As a result of these differences, the current design codes do not allow for efficient use of resources, which not only increases the cost of raw materials during manufacture, but also adds to their weight, making them more expensive to transport and install.
Recent measurements of natural frequencies in Dong Energy’s wind farms suggest that monopiles are restrained much closer to the seabed than was previously believed, indicating that wind turbines are, in reality, much stiffer than traditionally assumed by designers. This means that, in theory, monopiles can be designed with smaller diameters without compromising on their stiffness or strength. If this can be achieved then material use and component weight could be minimised, potentially cutting the cost of offshore wind farm construction and, in turn, the cost of renewable electricity.
Muir Wood adds: “We wanted to find out whether shorter and wider monopiles could be created without impacting on the robustness of the finished turbine, but for that we needed accurate site data. Having a long-standing relationship with ESG from a number of similar and successful research projects in the past, we had no doubt the company could deliver precision testing of the new monopile designs.”
DEVISING THE TESTS
ESG began working with Dong to design and create appropriate test rigs to validate the research work done by the academic working group.
“The current design methodology was developed in the US some 50 years ago, in response to the increase in offshore oil exploration at that time,” says ESG operations director for Infrastructure Services Martyn Ellis. “Our brief was to design robust and accurate instrumentation that was repeatable on a range of differing pile sizes at two separate sites to validate the new proposed design standards.
“Taking readings of the load at or below ground, however, as is done in traditional testing methods, doesn’t reflect the real world loading of wind turbine monopiles.We had to devise systems that would identify how piles performed under lateral loading at the point where the load is greatest to understand both pile and soil stiffness responses and failure criteria at two sites with different soil types. This meant not only carrying out lateral loading above ground, but also applying cyclic loading for up to five days on one pile ateach location.”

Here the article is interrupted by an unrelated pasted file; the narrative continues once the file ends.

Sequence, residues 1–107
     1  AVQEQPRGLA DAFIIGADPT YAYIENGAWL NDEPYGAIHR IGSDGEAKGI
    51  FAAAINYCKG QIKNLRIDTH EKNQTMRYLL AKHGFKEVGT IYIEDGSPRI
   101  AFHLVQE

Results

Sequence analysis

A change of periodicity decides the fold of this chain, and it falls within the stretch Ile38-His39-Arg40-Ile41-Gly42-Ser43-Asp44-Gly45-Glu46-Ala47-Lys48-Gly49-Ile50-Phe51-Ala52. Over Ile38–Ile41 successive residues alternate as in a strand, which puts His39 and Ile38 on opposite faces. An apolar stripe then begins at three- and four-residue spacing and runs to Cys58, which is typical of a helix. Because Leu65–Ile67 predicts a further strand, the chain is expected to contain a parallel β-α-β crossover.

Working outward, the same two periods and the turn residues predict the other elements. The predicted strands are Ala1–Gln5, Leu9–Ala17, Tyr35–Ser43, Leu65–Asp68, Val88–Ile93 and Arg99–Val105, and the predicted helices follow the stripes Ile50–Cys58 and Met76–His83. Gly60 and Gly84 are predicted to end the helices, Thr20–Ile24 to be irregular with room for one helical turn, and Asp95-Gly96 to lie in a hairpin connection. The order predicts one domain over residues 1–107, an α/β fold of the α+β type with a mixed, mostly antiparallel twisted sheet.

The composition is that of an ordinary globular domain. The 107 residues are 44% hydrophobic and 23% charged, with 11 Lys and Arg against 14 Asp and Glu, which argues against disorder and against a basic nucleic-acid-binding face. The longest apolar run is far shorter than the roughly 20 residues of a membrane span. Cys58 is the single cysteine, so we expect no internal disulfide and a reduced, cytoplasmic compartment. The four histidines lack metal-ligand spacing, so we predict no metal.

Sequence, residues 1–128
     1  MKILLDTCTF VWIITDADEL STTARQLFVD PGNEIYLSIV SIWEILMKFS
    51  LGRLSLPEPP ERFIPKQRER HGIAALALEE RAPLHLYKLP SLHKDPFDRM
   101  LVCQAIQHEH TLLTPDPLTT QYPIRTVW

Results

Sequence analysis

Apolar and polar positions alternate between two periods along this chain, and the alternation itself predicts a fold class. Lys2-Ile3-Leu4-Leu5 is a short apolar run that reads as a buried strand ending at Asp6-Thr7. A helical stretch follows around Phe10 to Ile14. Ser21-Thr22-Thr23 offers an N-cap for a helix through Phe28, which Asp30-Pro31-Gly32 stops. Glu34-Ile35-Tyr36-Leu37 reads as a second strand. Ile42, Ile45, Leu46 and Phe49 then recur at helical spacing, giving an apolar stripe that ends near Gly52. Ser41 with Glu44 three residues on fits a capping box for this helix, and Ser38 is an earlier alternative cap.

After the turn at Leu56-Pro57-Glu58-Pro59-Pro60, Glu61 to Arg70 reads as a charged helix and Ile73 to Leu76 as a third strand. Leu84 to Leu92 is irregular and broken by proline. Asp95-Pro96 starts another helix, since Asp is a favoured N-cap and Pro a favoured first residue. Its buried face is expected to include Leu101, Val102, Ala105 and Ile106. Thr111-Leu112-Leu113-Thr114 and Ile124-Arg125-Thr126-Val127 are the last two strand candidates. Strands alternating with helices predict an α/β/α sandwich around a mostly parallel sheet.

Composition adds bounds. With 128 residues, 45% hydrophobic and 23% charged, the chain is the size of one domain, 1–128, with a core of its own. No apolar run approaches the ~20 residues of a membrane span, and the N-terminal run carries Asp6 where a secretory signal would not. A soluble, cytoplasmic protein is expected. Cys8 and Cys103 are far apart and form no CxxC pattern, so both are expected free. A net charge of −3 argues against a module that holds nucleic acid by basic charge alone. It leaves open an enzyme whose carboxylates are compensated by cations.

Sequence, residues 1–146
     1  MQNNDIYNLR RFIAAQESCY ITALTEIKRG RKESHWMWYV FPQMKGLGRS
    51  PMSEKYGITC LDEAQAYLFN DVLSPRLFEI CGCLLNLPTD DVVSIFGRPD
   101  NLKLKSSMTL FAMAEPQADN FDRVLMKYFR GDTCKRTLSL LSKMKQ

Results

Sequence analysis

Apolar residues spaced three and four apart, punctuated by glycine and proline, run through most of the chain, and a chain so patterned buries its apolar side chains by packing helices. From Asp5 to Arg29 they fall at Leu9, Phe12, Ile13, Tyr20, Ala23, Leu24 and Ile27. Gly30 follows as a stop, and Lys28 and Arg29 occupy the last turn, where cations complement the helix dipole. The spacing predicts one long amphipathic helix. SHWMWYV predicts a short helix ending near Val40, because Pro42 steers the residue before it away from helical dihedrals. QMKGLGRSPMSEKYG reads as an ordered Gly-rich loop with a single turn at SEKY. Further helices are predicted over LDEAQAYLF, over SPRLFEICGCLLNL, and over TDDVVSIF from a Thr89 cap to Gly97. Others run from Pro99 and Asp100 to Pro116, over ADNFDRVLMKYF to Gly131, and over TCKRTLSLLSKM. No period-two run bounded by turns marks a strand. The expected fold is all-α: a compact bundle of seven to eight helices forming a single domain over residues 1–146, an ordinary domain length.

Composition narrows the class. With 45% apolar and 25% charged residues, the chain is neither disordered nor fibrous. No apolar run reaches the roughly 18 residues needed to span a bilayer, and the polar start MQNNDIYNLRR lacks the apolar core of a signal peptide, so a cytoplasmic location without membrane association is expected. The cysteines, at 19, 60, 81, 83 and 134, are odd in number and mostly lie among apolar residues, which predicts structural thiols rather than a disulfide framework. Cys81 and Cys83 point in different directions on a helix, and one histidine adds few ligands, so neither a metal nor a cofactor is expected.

ESG spent six months developing new methodology that would deliver accurate, traceable results, as well as test rigs that were not only appropriate for the readings required, but would also be practical in the field. The result was a testing method for load application that used standard instrumentation, such as fibre optic wires, retrievable extensometers and in-place inclinometers carefully installed in the correct locations to collect the necessary data.
Dong and ESG took the new testing method to two of Pisa’s test sites – one is located in northern England at Cowden near Hull and the other is in northern France at Dunkirk. The two sites were chosen as they represented the extremes of the ground conditions under which monopiles are installed, with cohesive clay at Cowden, and non-cohesive sand strata at Dunkirk.
Testing was carried out in two phases, first at Cowden, then at Dunkirk, with 28 tests undertaken in total – 14 at each site – to validate the new design codes created by the Pisa academic working group.
Readings were taken for piles with diameters of 0.273m, 0.762m, and 2m, as well as different wall thicknesses and penetrations, to allow for the validation to be scaled up to the current 10m diameter design proposals.
As in traditional testing, piles of the same diameter and foundation depth were installed in the ground, each 28m apart from each other, and a hydraulic rig designed to pull the monopiles together was fitted to each pile 10m above the ground. Where the new test differed from the old approach was in the number of instruments used and where they were located.
“On the largest test, involving two 2m diameter piles, we fitted some 220 individual instruments, both on and in, the piles,” says Ellis.